Friday, December 11, 2015

VAC Nosy Varika



            It is that time of the year again; time for another VAC. This was my second VAC to plan and was, out of the two, the hardest.  Since our VAC meeting had never been in the northern part of our region I decided to have the VAC in Nosy Varika, a small island in the Pangalanes Canal 100 km north of Mananjary.  What made it the hardest for me to plan was that it is in the north of the Sud Est, 370 km from my site, and there being no one still in country having ever been there.  The limited conversations over e-mail, Facebook, and phone calls that I was able to make gave me but little information on what to expect.  Planning for a more ‘chill’ VAC than normal; I reserved the hotel, a ferry to get us there, food for our first night, and had everyone meet in Mananjary the day before leaving to make sure that we would make the ferry.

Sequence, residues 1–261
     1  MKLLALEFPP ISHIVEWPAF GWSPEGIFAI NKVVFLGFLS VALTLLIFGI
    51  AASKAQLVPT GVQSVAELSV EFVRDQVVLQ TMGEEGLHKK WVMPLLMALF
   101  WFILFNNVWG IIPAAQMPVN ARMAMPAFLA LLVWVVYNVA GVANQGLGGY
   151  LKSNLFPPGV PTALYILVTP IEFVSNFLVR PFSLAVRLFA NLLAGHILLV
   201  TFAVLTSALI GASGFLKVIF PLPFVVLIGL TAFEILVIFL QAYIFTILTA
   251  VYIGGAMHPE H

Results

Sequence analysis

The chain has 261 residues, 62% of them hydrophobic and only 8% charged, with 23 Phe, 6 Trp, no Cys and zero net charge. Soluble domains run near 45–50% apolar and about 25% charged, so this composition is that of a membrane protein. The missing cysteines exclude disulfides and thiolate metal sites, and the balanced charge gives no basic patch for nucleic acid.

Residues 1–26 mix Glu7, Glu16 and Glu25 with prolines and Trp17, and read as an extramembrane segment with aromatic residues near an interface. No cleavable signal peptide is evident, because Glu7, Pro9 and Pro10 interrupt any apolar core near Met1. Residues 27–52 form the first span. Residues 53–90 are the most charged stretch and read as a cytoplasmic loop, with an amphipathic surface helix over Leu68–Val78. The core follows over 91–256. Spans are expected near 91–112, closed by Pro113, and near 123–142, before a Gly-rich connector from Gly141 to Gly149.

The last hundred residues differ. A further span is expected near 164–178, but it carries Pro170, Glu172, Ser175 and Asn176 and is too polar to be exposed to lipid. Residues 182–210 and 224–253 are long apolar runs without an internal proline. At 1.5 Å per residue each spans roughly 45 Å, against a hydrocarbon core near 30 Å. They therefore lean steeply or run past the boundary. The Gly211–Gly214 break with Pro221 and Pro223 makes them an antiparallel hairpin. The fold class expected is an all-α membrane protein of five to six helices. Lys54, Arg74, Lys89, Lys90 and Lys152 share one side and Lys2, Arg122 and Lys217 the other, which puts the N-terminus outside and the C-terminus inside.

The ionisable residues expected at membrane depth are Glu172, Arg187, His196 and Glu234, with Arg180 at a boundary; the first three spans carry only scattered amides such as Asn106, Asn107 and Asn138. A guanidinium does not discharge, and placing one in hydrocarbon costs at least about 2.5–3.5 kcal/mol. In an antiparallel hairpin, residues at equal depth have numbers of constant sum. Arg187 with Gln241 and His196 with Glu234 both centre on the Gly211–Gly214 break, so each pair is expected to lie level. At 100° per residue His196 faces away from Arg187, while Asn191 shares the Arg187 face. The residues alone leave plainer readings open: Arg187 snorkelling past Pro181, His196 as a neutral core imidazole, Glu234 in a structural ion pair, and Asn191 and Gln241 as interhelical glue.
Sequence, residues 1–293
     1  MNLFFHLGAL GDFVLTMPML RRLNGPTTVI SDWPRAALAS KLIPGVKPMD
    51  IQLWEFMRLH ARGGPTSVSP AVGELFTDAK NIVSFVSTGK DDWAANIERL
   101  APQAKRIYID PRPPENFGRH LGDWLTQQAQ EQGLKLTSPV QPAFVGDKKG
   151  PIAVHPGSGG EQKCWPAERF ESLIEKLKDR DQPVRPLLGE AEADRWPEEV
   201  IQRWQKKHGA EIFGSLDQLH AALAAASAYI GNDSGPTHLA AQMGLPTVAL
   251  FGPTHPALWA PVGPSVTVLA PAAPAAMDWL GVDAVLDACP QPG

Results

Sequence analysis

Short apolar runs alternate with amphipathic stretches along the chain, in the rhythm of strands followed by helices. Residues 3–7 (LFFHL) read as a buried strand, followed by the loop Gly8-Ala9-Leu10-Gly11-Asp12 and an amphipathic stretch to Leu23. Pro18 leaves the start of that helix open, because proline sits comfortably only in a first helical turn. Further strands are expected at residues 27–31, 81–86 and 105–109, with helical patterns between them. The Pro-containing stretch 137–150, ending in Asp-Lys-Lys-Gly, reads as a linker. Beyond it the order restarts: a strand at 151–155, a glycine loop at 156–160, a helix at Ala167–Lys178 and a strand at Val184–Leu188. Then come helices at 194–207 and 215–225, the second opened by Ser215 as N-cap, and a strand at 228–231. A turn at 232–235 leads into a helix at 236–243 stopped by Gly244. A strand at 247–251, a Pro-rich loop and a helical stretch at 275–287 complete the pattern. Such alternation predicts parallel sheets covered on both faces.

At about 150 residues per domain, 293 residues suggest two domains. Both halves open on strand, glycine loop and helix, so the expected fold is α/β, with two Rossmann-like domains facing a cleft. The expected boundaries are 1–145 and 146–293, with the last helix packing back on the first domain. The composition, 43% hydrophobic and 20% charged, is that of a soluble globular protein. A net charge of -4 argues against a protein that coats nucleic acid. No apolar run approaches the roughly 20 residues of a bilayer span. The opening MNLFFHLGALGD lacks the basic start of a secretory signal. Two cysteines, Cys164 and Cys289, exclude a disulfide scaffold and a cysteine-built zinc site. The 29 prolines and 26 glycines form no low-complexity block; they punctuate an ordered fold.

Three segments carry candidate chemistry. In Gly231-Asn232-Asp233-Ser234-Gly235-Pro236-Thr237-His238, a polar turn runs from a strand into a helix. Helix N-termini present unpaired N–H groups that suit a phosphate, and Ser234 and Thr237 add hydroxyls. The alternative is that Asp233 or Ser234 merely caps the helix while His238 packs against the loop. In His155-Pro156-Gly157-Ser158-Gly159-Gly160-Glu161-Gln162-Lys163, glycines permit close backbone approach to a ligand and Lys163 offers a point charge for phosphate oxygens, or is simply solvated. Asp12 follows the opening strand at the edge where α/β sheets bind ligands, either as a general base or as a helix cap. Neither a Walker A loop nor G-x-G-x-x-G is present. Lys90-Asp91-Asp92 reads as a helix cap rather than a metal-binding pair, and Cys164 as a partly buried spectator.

Catching the ferry at 7 o’clock the following morning, we had a nice nine hour ride up the canal to Nosy Varika.  The view as we made our way up the canal was amazing and the weather for at least part of the trip was nice; allowing us to sit on the top deck of the boat and enjoy the view and atmosphere.  The second day took us exploring around the island, as well as to the beach.  That evening, it being Halloween, we all dressed up in our costumes (each bought or made from things bought in the street markets) and walked through town to Diamondra’s where we were to have dinner.  Having preordered our food earlier, the owner had already set a table for us in the karaoke room and had an amazingly good and overly large dinner waiting.  After feasting on what seemed like a never ending dinner, we made our way home and failed at keeping alive the feeble fire that we had only barely managed to start.  During this struggle with the fire, and by its dwindling light, we handed out the vests to the new volunteers.  Sud Est vest are a tradition in our region; each person is given their own vest, decided by the group which best suits them, to be worn during our meetings.  Though we usually only wear the vests during the official meeting, the new volunteers wore them with pride for the entirety of the VAC.  The following day half of the volunteers left because they needed to attend to other things, while the rest of us had a lazy day meandering around the island.  The last day took the rest of us on a ten hour ferry ride back to Mananjary.

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